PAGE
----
No surprise, I wasn’t quoted. But my media connection was thoughtful enough to send me the article (it came out a couple days ago). IMHO commentary in the article was really good, and so I’m including a link to the article below.

Although I like the article, I have one objection. The authors immediately pathologize children’s anxiety. In the second sentence of the article, they write, “Both conditions (separation anxiety and social anxiety) are treatable with the proper diagnosis.” Using words like “conditions” and “treatable” and “diagnosis” deeply medicalizes children’s anxiety and is a bad idea. Separation anxiety and social anxiety are NOT necessarily mental disorders. It would have been better to start the article by noting that given our current global situation of uncertainty–with COVID, and other sources of angst all around us–it’s normal and natural for children to feel anxiety.

This blog post has three parts. First, I’m including a link to the article. Second, I’m including my responses to the media query. Third—and I think the best part—is a old handout I wrote for helping parents deal with children’s anxiety and fear.

Here’s the article link: https://www.parents.com/toddlers-preschoolers/how-to-help-your-kids-adjust-when-they-go-back-to-daycare-and-school-after-covid-19/

Here are my responses to the magazine’s questions:

  • What is anxiety, in a nutshell?

Anxiety is a natural human emotional response to stress, danger, or threat. One thing that makes anxiety especially distinctive and problematic is that it comes with strong physiological components. Other words used to describe anxiety states include, nervous, worried, jittery, jumpy, scared, and afraid.

Anxiety usually has a trigger or is linked to an activating situation, thought, or physical sensation. Hearing about COVID in the news or seeing someone fall ill can activate anxiety in children (and adults too!).

Anxiety is often, but not always, about the future because people tend to worry about what will happen or what is unfolding in the present. Even when children feel anxious about the past, they tend to worry about how the past will play out in the future.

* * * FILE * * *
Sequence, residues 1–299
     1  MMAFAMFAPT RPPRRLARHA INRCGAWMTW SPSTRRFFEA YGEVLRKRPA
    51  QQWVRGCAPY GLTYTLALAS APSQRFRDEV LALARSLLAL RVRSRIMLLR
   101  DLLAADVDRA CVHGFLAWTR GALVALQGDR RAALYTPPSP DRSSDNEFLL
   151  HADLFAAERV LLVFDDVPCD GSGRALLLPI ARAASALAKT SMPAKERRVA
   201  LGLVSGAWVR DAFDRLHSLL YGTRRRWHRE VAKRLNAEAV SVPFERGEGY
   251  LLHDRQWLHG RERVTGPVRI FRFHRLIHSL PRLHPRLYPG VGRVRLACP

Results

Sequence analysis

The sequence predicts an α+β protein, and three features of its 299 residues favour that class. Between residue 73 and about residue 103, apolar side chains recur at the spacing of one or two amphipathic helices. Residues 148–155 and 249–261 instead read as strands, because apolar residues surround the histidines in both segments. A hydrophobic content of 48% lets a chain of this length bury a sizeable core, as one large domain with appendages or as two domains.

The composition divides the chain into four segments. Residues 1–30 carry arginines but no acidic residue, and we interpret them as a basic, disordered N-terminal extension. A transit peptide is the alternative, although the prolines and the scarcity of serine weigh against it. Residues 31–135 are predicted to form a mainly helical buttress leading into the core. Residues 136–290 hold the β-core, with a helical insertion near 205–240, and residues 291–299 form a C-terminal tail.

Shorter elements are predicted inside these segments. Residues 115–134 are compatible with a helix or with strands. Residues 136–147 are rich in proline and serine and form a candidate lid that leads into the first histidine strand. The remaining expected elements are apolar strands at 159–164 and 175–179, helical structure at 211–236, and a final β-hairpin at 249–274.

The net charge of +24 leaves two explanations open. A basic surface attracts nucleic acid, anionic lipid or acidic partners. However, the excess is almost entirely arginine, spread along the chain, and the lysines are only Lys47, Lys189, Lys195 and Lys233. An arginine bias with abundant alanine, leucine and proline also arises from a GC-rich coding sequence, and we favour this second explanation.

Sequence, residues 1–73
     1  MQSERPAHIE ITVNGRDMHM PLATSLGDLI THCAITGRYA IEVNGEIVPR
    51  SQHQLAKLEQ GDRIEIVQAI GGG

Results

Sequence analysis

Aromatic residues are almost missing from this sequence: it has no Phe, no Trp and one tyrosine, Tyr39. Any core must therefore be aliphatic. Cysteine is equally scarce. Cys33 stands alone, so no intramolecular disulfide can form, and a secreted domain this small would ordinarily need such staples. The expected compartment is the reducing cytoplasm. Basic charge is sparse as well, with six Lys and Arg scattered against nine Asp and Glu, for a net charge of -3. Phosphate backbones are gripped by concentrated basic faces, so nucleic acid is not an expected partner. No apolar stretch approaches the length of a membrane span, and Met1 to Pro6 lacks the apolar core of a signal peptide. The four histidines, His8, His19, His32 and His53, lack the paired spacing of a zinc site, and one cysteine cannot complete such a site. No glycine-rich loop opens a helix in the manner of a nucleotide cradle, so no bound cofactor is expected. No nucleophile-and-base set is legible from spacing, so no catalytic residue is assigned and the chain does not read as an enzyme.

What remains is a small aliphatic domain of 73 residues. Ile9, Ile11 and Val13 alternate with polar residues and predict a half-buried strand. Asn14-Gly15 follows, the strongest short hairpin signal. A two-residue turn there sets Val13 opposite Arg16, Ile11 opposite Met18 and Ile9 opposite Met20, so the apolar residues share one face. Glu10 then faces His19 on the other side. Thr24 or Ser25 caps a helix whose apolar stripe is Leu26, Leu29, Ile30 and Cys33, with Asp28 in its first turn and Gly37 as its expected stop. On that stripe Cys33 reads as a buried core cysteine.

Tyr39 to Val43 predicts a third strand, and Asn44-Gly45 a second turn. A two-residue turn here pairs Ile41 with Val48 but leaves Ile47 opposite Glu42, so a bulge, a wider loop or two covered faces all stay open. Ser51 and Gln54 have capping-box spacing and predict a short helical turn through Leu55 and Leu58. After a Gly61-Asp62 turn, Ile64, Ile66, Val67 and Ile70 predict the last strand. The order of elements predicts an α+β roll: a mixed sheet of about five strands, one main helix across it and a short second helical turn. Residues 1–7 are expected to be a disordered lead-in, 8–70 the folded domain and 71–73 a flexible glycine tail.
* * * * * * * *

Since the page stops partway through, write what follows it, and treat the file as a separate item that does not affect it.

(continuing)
• How has COVID-19 affected children mentally? Has there been an uptick in anxiety-related conditions?

COVID-19 is a stressor or threat because of its implications (it can kill you and your loved ones) and because of how it affects children situationally. During my 30+ years as a professional psychologist, anxiety in children, teens, and adults has done nothing but increase. COVID-19 is another factor in contemporary life that has increased anxiety.

In some ways, the fact that more children are feeling anxious can be a positive thing. I know that sounds weird, but anxiety is mostly normal. A professor of mine used to say that the old saying “Misery loves company” isn’t quite true. What is true (and supported by data) is that misery loves miserable company. In other word, people feel a little better when their problems are more universal. When it comes to COVID-related anxiety, we should all recognize we’re in good company.

  • What are the symptoms of social anxiety in kids?

Social anxiety is defined as fear of being scrutinized or negatively evaluated by others. Symptoms can be physical (headaches, stomach aches, shaking, etc.), emotional (feeling scared), mental (thinking something terrible will happen), and behavioral (running away). Social anxiety is usually most intense in anticipation and during exposure to potential social evaluation. Of course, almost always, anxiety will make us imagine that everyone is staring at us—even though many other kids are also feeling anxious and as if everyone is staring at them.

  • What are the symptoms of separation anxiety in kids?

Separation anxiety occurs when children leave or part from a safe person or a safe place. Leaving the home or leaving mom or dad or grandma or grandpa will often trigger anxiety. The symptoms—because it’s anxiety—are the same as above (physical, emotional, mental, behavioral); they’re just triggered by a different situation.

  • How can you help children cope with anxiety–both in general and specific to each condition?

Children should be assured that anxiety is a message from your brain and your body. When anxiety spikes, there may be a good reason for it, just like when a fire alarm goes off and there’s really a fire and there’s physical danger and getting to a safe place is important. Children should be encouraged to identify their safe places and their safe people.

However, sometimes anxiety spikes and instead of a real fire alarm, the body and the brain are experiencing a false alarm. When there’s no immediate danger and the anxiety builds up anyway, it’s crucial for children to have a plan for how they’ll handle the anxiety. Having a plan to approach and deal with anxiety is nearly always preferable to letting the anxiety be the boss. Leaning into, facing, and embracing anxiety as a normal part of life is very important. We should all avoid taking actions designed to run away from or avoid anxiety. Developing a personal plan (along with parents, teachers, and counselors) for dealing with anxiety is the best strategy.